Just when we thought things were getting better, record-setting rates of inflation continue to rip through the United States. As consumers ourselves, we’ve seen the affects at the gas pump, grocery store, and restaurants. And, while things like COVID-19 cases, lumber costs, and the unemployment rate have all fallen tremendously over the past 12 months, nobody can confidently predict what variant and supply chain issues lie ahead.
Nonetheless, shop owners have to prepare for “business as usual” even amidst these uncertainties. Even though the average gallon of gas is now equivalent to a 4 for $4 at Wendy’s, data suggests Americans have not slowed their plans to hit the road this upcoming holiday season. With Thanksgiving travel and the December holidays and New Years right around the corner, auto repair shops and other businesses should rev up for another busy season.
What does inflation have to do with insurance?
Why is an insurance company talking about inflation? Mainly because inflation could be negatively impacting your property coverage – the coverage responsible for protecting the most significant asset on your books. Generally speaking, the amount you’re covered for does not increase at the same rate as inflation. In some cases, it doesn’t increase at all. So, due to current economic circumstances, you could be severely under-insured and therefore severely impacted by property damage or a total loss situation.
Here’s what you need to know:
1. Don’t confuse your property’s replacement value with your market value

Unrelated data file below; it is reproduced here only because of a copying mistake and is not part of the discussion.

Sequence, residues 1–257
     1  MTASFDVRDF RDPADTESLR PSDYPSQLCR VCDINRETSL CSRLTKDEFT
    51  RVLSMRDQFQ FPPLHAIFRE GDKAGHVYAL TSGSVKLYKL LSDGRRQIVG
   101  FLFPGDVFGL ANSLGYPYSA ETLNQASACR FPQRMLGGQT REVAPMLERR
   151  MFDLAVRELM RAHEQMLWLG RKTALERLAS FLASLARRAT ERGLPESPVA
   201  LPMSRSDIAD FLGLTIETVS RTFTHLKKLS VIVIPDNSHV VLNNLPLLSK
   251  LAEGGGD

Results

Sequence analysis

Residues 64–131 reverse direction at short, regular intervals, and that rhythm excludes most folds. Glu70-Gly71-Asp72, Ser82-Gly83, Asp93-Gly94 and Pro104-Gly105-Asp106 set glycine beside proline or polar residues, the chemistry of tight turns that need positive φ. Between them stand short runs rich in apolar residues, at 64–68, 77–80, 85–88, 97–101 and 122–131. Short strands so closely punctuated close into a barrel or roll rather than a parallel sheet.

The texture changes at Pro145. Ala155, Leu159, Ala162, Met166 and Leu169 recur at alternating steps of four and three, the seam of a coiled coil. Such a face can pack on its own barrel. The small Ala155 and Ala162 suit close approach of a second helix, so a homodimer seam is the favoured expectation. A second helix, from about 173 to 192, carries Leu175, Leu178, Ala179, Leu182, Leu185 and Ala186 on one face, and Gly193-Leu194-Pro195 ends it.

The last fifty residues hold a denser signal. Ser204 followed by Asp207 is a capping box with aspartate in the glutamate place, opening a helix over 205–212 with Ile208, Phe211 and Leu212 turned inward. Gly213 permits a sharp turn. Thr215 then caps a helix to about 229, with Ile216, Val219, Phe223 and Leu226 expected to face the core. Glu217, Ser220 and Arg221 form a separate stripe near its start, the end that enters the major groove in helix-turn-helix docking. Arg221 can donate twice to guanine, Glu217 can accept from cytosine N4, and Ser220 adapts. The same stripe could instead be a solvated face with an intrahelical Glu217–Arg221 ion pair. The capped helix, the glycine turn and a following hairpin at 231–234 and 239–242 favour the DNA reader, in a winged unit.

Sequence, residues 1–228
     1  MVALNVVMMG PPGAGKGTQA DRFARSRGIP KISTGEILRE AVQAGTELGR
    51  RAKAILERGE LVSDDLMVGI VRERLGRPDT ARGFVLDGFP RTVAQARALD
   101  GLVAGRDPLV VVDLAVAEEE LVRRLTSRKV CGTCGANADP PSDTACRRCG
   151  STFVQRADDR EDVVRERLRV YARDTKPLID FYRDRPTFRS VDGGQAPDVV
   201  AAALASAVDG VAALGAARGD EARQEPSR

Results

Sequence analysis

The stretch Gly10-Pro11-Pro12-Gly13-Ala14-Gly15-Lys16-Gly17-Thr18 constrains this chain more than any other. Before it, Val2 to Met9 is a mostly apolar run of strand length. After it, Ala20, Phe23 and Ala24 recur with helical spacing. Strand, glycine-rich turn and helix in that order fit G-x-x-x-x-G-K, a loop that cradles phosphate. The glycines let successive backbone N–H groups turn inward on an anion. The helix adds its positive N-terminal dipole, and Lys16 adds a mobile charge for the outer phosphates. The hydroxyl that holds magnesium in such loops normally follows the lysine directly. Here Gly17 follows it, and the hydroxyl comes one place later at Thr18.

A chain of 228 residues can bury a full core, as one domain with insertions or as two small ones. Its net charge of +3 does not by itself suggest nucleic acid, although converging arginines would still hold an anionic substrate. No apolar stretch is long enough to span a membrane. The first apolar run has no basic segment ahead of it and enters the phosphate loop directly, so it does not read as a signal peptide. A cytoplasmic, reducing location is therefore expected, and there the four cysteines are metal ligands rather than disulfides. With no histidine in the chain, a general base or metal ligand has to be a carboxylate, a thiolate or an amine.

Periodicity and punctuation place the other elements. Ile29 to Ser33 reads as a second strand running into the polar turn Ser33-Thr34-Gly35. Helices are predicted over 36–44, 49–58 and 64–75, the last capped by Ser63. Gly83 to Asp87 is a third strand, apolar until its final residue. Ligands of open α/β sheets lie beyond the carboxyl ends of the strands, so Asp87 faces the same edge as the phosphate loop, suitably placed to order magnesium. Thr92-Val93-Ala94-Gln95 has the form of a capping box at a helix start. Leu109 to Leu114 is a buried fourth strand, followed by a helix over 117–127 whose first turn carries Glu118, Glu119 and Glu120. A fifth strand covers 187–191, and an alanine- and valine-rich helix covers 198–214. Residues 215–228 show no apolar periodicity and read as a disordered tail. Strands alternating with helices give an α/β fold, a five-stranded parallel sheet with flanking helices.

As it relates to property coverage, you need to keep a thumb on the replacement value outlined in your policy versus the actual cost to rebuild today. Unfortunately, property owners of all types (personal and commercial) confuse the replacement value listed on their policy with the market value of their property.
Replacement value is the cost to rebuild parts of or your entire building. It’s influenced by the construction industry’s supply of contractors and the price of materials at the time of rebuild. Replacement value is not the same as market value. Market value is generally thought of as the price you could sell your property for. It’s based on the current value of other properties in your area that are similar in size and features and is influenced by the competitiveness of the buyers’ market. Both of these numbers are volatile; however, you’ll find a very static replacement value outlined in your policy. When the replacement value on your policy does not reflect today’s actual rate of construction and material, you could be forking over a fair amount of your own cash to get back up and running.
2. The price of materials required to rebuild your property matter
According to the Associated General Contractors’ press release, the cost of buying materials necessary to rebuild a property in a non-residential area has increased by almost 21% from February 2021 to February 2022. If your building’s last replacement value evaluation took place before the pandemic, your policy might not reflect the actual cash you’d need if you suffered a loss.